August 24, 2014
The week began with a bang as July’s Housing Market index notched its second consecutive reading of +50, growing a few points more than the 53 index of last month. Readings above 50 indicate expansion in the market. The index, compiled by the National Assn of Homebuilders, is a composite of sales, buyer traffic and prospective sales of both new and existing homes. The index first sank below 50 in January and stayed in that contractionary zone for a few months before rising again in June and July.
Housing Starts rose back above the 1 million mark but the big gains were in multi-family dwellings. Secondly, this number needs to be put in a long term perspective. We simply are not forming new households at the same pace as we did for the past half century.
After monthly declines in May and June, new home sales popped up almost 16% in July. Existing home sales rose in July but have now shown 9 consecutive months of year-over-year decreases.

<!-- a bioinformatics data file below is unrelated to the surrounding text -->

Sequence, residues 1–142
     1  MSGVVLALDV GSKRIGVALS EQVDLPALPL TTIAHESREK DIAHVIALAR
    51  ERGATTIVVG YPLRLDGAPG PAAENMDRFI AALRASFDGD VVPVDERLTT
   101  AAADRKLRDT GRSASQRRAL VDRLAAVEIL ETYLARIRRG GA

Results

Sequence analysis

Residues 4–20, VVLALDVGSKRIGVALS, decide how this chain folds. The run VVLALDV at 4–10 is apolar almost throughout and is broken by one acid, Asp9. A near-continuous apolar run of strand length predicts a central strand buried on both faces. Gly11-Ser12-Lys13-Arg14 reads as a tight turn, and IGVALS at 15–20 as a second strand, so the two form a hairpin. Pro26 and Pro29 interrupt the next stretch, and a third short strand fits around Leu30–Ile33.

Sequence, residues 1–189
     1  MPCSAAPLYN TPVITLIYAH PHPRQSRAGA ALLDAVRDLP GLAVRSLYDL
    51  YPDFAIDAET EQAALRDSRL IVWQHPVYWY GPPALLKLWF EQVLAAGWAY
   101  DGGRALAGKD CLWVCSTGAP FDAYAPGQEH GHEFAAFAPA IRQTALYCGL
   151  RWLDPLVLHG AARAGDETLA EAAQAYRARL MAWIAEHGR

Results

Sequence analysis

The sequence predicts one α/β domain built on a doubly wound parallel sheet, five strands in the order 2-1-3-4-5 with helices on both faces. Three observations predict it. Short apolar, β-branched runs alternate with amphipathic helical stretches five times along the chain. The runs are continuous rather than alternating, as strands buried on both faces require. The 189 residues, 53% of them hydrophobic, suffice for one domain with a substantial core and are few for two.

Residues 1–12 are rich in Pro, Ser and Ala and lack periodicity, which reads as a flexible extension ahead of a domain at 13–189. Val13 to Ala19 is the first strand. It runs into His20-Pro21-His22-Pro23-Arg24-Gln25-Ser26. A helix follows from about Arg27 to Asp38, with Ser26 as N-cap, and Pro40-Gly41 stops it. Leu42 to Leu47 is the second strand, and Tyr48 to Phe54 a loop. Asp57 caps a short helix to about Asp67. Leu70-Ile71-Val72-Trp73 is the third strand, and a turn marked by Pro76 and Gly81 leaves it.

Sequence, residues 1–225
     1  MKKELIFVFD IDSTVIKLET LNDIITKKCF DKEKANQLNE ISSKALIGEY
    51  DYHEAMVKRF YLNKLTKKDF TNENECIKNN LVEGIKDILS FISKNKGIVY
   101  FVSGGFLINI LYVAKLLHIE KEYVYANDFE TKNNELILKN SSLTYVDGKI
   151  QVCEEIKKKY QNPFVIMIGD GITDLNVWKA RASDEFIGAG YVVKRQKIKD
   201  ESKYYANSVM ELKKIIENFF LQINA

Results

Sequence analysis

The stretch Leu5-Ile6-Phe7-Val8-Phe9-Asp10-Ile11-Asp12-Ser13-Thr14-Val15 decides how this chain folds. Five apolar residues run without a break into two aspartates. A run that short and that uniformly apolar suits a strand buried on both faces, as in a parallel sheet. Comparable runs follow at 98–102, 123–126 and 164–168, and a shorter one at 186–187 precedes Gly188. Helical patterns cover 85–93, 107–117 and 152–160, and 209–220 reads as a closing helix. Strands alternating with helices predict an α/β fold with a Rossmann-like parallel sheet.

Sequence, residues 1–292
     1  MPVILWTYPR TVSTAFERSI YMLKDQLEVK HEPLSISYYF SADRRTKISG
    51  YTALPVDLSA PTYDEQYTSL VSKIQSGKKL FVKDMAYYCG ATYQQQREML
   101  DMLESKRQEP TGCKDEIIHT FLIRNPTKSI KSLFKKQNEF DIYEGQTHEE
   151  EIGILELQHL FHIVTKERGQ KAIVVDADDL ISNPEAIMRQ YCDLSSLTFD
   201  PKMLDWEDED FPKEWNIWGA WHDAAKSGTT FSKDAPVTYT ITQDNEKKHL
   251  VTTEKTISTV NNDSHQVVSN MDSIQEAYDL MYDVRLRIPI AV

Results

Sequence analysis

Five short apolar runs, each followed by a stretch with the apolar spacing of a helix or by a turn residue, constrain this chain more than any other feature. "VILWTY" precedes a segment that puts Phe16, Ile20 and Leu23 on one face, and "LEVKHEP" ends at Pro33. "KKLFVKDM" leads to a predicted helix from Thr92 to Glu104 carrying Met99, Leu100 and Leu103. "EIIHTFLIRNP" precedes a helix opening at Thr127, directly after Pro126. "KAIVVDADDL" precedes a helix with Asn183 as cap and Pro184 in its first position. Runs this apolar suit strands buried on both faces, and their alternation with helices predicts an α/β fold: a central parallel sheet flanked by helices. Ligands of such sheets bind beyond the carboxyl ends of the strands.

The number of existing home sales is at the same level as 1999-2000. On a per capita basis, we are about 11-12% below the rather stable level of those years, before the housing bubble really erupted in the 2000s.
During the 1960s and 1970s, households grew annually by 2.1% (Census Bureau data). That growth slowed to 1.4% in the 1980s and 1990s and has declined in the past decade to 1% per year. During the 1960s and 1970s, the number of households with children headed by women exploded by over 3% per year, leading to a growing economic disparity among households. During the 1980s, growth slowed but still hit 2.5%. In the past two decades, this growth has stabilized at 1.2 to 1.3% per year, just a bit above the total rate of growth of all households.
The trend of slower growth in household formation shows no signs of changing in the near term. We can expect that this will curtail any historically strong growth in the housing industry. The price of an ETF of homebuilders, XHB, has plateaued since the spring of 2013. The price has tripled from the dark days of 2009 but is unlikely to reach the formerly lofty heights of the mid-$40s anytime soon.